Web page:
Of course, according to Gilbert, she would never have had any interest in marrying Felipe -- much less turning her decision to do so into another book-length account of their romance -- had the United States government not detained him in the basement of a Dallas airport and refused him entry unless Gilbert agreed to make an honest American citizen out of him through the magic of matrimonial pixie dust. Gilbert's predicament makes her a curious counterpoint to all the clichés concerning women of a certain age: a 37-year-old (at the time), financially independent, resolutely childless woman who, against all her wishes, must reconcile herself to marrying a man she already considers her love and life partner.
But "Eat, Pray, Love" superfans be warned: Despite many exotic settings, this story in which Gilbert plays the role of reluctant middle-aged bride doesn’t come with nearly as much drama or high stakes as it did when she was a recently divorced, possibly clinically depressed woman on a whirlwind round-the-world tour to reclaim her sanity. According to Gilbert, she trashed the first draft of this book -- a 500-page manuscript tentatively titled "Weddings and Evictions" -- before even showing it to her publisher, in part, she says, because she believed it relied too much on a girlish charm that she found unbecoming in a woman nearing 40.
Whether one found the voice of "EPL" charming or cloying may be a matter of taste. In "Committed," she attempts to expand her personal experience by grafting on the experiences of others: She presents mounds of sociological research on marriage, harvested mostly from the work of other writers and researchers (who, no doubt, may have a distinct feeling of ambivalence in seeing their work both advertised and perhaps, to their minds, bastardized in a book likely destined to sell more copies than all their books put together), coupled with a handful of interviews with third-world women she encounters in her travels throughout Southeast Asia while she and Felipe await his new visa. (She discovers, for example, that the Hmong women, whose marriages sometimes begin as ritualized kidnappings, do not see their husbands as the emotional center of their universe in quite the same way as Western women do, and also may believe that a 37-year-old woman and a 55- year-old man may be too damn old to get married anyway.) Even when the information itself is interesting, the end result feels more like a book-length blog treatment -- a skilled writer recycling information that may have been more thoroughly presented in its original form.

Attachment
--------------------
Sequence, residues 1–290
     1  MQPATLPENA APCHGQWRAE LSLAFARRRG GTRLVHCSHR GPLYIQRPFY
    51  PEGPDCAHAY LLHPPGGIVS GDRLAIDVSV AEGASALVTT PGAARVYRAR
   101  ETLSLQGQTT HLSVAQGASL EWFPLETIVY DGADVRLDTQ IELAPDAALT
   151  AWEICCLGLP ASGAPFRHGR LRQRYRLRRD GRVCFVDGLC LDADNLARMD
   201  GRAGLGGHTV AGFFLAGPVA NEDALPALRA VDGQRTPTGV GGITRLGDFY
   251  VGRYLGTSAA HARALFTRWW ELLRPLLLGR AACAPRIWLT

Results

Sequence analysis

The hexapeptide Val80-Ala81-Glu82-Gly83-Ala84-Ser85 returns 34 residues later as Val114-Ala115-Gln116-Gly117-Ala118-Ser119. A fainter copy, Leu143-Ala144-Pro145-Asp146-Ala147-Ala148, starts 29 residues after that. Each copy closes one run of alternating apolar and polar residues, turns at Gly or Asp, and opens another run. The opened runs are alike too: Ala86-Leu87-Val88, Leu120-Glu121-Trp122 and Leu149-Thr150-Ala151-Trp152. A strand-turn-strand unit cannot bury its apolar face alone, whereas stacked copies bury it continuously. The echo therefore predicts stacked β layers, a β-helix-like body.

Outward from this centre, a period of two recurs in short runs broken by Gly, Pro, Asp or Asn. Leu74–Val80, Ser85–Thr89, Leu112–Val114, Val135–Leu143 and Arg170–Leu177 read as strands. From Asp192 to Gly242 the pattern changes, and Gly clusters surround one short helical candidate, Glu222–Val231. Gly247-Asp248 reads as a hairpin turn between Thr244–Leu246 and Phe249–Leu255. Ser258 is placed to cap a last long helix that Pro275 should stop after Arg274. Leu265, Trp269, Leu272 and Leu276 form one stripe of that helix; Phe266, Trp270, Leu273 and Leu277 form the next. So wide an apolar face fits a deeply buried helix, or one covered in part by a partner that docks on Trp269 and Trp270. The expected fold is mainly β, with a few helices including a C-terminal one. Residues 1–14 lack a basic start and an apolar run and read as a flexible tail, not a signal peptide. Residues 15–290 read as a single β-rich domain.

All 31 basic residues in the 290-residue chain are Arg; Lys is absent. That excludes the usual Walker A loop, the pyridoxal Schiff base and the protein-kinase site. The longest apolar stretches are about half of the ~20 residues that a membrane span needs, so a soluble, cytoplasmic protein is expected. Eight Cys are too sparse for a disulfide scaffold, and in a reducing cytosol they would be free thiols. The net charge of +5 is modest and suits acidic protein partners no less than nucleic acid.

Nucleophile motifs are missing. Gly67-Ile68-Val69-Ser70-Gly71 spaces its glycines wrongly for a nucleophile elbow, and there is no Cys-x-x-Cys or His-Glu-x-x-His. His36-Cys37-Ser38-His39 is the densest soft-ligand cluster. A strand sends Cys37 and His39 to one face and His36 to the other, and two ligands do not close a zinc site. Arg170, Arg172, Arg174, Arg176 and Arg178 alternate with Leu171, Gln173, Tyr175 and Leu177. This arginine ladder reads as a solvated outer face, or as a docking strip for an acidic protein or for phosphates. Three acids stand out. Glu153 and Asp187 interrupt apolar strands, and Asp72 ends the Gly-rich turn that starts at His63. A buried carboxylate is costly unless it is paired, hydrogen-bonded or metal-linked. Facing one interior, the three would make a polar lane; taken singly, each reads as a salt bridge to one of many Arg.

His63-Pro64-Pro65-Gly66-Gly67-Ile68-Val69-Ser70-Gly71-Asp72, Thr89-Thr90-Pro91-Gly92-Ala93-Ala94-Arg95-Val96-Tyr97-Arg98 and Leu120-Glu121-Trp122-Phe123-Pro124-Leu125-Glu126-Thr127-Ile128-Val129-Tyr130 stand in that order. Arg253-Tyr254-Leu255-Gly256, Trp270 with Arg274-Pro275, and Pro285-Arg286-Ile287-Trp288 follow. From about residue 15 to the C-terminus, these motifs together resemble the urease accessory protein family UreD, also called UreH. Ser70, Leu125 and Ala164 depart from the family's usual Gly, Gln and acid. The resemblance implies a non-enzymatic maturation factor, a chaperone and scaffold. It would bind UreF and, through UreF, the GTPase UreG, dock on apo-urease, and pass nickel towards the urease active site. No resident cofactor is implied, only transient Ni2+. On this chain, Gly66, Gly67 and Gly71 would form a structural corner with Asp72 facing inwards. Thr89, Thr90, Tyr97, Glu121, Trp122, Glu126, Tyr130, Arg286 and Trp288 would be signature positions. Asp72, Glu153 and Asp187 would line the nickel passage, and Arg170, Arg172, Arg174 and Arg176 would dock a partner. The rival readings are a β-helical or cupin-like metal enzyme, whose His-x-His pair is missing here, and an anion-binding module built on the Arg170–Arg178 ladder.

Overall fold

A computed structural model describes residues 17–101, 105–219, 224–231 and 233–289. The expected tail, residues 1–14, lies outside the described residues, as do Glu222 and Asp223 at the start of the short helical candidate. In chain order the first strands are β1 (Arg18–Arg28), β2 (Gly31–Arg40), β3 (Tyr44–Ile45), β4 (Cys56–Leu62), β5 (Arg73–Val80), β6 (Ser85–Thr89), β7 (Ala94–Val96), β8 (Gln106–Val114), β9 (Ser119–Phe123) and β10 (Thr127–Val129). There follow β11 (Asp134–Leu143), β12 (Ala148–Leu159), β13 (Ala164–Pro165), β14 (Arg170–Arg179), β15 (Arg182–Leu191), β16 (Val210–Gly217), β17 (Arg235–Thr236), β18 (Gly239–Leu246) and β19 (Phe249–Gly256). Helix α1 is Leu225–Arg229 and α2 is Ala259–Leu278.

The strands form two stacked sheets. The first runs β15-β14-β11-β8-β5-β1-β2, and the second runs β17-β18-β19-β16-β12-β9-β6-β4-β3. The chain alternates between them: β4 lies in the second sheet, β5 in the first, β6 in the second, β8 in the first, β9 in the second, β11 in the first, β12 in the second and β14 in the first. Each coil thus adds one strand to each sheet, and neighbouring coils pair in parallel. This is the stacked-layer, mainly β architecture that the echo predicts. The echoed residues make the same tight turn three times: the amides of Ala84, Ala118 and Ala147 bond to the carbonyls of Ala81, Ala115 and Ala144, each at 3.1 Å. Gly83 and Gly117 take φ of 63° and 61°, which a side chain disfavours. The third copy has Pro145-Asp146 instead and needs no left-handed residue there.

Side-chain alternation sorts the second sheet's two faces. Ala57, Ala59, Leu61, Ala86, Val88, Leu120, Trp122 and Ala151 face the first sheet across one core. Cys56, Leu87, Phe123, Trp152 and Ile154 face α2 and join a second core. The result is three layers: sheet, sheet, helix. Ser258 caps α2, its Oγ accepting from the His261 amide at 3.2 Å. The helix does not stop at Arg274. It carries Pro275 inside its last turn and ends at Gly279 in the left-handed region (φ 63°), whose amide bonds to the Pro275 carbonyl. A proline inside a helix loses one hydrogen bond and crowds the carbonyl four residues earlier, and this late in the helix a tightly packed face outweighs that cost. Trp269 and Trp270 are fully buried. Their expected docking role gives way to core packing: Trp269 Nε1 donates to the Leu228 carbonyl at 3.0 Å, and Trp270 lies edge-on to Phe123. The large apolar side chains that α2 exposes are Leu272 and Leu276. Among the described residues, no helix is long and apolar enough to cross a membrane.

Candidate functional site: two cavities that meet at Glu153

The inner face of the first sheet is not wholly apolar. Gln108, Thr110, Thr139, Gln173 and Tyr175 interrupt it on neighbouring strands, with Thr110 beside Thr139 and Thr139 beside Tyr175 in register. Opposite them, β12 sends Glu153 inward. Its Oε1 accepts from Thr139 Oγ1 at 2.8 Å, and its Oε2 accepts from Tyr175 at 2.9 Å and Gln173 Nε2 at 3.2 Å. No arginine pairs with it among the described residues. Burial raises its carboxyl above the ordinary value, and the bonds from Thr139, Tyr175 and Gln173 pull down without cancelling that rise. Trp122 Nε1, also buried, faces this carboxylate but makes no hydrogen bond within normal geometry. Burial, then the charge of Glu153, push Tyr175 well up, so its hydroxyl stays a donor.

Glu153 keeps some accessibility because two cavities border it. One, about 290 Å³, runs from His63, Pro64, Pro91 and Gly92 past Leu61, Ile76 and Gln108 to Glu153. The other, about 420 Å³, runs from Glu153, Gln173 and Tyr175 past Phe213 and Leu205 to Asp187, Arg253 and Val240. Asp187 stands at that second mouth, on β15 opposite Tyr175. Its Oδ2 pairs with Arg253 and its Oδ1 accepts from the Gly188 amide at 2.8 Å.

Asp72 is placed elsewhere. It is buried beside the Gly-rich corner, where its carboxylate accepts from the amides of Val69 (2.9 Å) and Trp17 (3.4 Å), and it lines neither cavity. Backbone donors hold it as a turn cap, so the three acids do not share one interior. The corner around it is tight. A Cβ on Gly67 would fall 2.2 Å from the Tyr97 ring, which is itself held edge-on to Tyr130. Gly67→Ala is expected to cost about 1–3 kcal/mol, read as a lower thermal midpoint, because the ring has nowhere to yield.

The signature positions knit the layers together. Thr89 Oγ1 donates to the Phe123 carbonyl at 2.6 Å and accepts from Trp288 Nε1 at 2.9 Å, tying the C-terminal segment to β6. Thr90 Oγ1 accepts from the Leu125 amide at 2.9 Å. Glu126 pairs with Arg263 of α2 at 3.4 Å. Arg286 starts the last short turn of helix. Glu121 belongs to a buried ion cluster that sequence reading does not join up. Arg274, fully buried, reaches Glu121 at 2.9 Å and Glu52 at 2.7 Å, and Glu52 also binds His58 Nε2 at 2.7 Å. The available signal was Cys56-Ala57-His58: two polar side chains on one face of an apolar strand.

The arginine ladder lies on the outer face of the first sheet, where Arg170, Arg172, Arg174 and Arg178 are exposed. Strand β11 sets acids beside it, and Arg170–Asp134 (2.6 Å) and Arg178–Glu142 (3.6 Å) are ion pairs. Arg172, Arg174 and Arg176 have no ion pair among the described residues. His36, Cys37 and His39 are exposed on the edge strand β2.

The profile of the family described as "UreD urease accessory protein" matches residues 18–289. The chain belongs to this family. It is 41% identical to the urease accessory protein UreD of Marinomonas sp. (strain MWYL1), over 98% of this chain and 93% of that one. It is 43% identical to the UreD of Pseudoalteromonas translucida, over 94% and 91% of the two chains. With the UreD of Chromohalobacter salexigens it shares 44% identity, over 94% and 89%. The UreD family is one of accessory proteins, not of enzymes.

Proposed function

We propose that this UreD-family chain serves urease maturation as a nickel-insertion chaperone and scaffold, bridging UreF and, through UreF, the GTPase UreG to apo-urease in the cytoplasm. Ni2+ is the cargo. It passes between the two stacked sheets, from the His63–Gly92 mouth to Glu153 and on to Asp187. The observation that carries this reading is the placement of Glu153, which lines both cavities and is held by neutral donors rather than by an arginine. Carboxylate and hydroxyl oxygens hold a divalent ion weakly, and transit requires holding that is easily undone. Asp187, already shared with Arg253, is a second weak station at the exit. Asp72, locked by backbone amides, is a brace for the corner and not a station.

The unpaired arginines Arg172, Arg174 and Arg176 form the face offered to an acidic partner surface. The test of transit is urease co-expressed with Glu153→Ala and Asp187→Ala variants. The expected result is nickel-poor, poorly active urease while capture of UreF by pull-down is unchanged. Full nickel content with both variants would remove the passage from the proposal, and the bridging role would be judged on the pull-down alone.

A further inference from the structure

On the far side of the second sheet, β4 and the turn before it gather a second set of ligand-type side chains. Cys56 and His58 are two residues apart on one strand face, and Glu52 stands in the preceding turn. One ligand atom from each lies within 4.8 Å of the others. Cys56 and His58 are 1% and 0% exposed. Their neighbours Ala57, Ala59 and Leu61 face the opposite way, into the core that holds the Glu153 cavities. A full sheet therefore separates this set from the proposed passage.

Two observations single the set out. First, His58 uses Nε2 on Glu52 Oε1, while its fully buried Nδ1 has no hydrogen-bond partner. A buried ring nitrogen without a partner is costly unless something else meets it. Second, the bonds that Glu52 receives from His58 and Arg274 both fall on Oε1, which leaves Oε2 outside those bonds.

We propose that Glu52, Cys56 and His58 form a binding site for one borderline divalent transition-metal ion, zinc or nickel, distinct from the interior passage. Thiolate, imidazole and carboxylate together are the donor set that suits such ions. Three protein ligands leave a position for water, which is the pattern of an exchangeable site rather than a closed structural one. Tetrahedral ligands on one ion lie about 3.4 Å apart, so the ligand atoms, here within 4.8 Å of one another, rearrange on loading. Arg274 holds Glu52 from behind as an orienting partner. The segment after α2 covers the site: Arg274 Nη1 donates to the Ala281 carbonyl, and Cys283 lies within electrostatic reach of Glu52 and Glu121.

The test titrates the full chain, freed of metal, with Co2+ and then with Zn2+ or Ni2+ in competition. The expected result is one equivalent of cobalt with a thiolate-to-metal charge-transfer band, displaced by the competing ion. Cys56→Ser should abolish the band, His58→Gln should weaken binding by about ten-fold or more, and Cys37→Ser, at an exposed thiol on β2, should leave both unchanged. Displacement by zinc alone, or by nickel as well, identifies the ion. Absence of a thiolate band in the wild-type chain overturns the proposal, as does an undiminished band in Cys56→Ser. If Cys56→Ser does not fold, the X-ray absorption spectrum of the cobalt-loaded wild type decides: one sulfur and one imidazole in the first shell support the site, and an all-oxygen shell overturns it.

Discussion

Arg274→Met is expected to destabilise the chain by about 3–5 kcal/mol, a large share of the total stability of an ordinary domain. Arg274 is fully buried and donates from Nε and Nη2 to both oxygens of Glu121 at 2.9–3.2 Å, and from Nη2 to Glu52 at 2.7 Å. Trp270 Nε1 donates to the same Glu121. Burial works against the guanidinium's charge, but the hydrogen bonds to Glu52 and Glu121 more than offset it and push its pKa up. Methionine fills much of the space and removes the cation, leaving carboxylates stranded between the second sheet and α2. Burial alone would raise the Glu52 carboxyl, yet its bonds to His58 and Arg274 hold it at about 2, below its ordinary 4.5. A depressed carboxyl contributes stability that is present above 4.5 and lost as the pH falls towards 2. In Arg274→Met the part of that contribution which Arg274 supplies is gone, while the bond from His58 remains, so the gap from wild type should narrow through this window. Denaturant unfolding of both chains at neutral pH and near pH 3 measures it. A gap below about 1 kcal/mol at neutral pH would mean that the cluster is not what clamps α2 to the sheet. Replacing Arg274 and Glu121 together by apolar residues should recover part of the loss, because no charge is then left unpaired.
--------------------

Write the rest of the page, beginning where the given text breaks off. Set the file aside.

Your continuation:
And for a writer who has made her bones as the modern, educated, urban Western everywoman, her issues may strike many readers as needlessly overwrought. And when she walks the reader through the tough issues of marital compatibility, the two biggies she and Felipe face -- different country of origin and age -- are hardly typical of the usual questions of money, children and housework that come up in many feminist marriages. (Felipe, by the way, mostly stayed at home with his kids when they were young and considers himself a "feminist husband" who believes a woman’s place is in the kitchen -- drinking a glass of wine, with her feet up, while he prepares dinner.)
This is not to criticize Gilbert for somehow failing other women by nabbing an awesome husband. Even those who find Gilbert unbearably self-indulgent might have to admit that it is precisely her dissatisfaction with her outwardly "perfect" life that can give her first-person stories the subversive appeal of a fairy-tale princess climbing out of her castle window on a bedsheet. This is, after all, a woman who began "Eat, Pray, Love" as the owner of an apartment in Manhattan and a country house bought largely with her own earnings as a successful writer, who managed to set one of the darkest scenes of that book on a tiny tropical island where she had retreated following two weeks of enjoying restorative yoga (paid for by a magazine, naturally). And yet readers were willing to empathize with this woman, living a life few of them could ever hope for, because she so exemplified ordinary grief and unhappiness: She had fallen out of love with her husband, was pretty sure she never wanted to have children, and wanted a divorce. At the end of the book, she and Felipe pull up to that same tropical island, roll up their jeans and jump into the sea. It may strike some readers, Gilbert admits, as "an almost ludicrously fairy-tale ending to this story, like the page out of some housewife’s dream." But, she cautions, "I was not rescued by a prince. I was the administrator of my own rescue." And she is right: Part of the great pleasure of "EPL" was observing a woman who willfully and purposely pursued her own bliss with the kind of devotion and discipline others reserve for scoring a Harvard education or a corporate seat. Oddly enough, "Committed" fails when she steps out from behind the screen, Oz-like, and attempts to draw parallels between her experience and the rest of womankind. Gilbert’s trick, it seems, is to seem most universal when she's sticking to her own particulars.